“The role of the astrologer is to consider the things in which there is the potentiality of the accomplishment of a thing and of the opposite to which it returns, but does not stop at their properties; indeed, by his exercise of the stars, the astrologer does not stop to consider whether the fire burns or not, because he knows full well that it burns. What he tries to find out is whether tomorrow such a fire will burn a body capable of combustion or not. When by their movements the planets have indicated that one of the things in question will not occur, it will be impossible for it to occur. If, on the other hand, they indicate that a thing will occur at the expected time and without disturbance, the existence of the thing will necessarily occur. Likewise, a man whose ability to speak is not prevented by any impediment has the power to speak until the moment he begins to speak. As soon as he speaks, his speaking falls at that moment into the category of the necessary. It is thus proved that the planets are the indicators of the contingent and of the election” (Abu Marchar)
Astrology was widespread in all strata of medieval Arab societies during the Abbasid period: there were both quite simple people who went to the souk to consult their astrologer in order to know when they were going to treat their child, marry their daughter or at what time to buy a goat, etc., and at the same time the caliphs and the princes who almost all had their appointed astrologers to decide the moment of a battle.
This presence of astrology punctuates the daily life of the common people, but also irrigates the upper classes with scientific thought through the Aristotelian dimension that astrology conveys. The Astrologer “learned” himself (as opposed to the Tartar astro-charlatans who at the time flourished with as much vigor as today) is at the center of an often extremely rich debate during these three centuries, between people who were a little like the “honest men” of the Islamic Middle Ages, intellectual elites who were at the same time philosophers, theologians, mathematicians, musicians and astrologers. Those who were not astrologers themselves often consulted astrologers, and many practiced and studied astrology alone, even if they did not declare themselves as such.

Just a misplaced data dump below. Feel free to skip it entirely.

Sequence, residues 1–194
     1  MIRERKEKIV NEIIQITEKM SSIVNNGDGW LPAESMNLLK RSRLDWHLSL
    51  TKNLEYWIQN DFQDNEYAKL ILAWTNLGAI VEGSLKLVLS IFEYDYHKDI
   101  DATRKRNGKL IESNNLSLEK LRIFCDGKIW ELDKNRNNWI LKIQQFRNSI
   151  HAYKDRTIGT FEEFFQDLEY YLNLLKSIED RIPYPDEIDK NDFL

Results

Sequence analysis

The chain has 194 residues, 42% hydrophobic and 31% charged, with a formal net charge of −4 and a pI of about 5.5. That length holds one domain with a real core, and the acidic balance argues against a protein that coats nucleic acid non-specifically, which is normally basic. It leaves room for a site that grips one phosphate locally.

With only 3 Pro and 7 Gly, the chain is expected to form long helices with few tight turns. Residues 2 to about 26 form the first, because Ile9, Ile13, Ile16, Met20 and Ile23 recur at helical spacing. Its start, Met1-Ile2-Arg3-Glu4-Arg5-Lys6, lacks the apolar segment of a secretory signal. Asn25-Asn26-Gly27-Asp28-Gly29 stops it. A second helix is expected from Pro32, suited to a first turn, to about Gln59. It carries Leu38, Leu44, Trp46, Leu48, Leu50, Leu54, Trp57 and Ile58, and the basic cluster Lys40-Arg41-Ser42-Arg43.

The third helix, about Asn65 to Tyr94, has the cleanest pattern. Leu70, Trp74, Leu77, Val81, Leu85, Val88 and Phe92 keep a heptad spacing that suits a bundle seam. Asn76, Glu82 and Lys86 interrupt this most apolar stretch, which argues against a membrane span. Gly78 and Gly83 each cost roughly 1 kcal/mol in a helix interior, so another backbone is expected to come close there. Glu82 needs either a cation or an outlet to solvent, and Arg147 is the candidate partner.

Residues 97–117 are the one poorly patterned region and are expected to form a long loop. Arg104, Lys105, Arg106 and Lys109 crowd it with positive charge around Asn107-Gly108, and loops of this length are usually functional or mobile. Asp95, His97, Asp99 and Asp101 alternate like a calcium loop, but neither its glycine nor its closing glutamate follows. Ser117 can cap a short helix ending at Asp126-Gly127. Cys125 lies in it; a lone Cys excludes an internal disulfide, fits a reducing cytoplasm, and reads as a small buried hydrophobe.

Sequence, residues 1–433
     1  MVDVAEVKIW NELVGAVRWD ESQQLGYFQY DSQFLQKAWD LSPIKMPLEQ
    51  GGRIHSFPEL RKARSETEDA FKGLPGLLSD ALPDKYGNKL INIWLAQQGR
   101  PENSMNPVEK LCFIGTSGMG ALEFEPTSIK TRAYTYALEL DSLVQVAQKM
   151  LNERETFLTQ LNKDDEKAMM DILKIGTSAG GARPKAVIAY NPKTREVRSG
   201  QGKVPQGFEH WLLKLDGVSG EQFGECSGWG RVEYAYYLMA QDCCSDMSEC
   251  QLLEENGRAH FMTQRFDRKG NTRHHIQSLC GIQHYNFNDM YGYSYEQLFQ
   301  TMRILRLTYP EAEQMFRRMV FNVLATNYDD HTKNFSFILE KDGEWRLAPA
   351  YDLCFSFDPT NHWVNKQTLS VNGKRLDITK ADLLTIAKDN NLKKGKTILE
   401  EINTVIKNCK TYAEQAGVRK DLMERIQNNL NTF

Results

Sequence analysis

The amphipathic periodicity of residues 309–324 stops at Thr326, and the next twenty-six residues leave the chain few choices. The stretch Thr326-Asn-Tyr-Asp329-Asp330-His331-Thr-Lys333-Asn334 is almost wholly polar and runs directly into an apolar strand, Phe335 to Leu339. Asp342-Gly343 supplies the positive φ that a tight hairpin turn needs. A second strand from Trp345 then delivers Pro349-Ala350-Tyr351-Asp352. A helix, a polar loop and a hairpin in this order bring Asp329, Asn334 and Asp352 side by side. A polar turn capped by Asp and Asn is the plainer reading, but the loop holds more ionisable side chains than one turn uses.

The idea was quite common in the medieval Muslim world, that there are various ways of accessing the truth, that is to say that one can find in a character both a Koranic theological approach, and a a philosophical approach which may not refer to the Muslim tradition at all; finally, this same character can also write entire treatises in which he speaks of esotericism or astrology in a much more gnostic sense.
At that time, we find among Arabic-speaking astrologers people of various ethnic origins and various religious denominations: Arabs, Persians, Sunnis, Shiites, Jews, Christians, Sabians or Mazdeans, etc. But the essential criterion for choosing his astrologer was that of competence, regardless of his ethnic origin or his religion.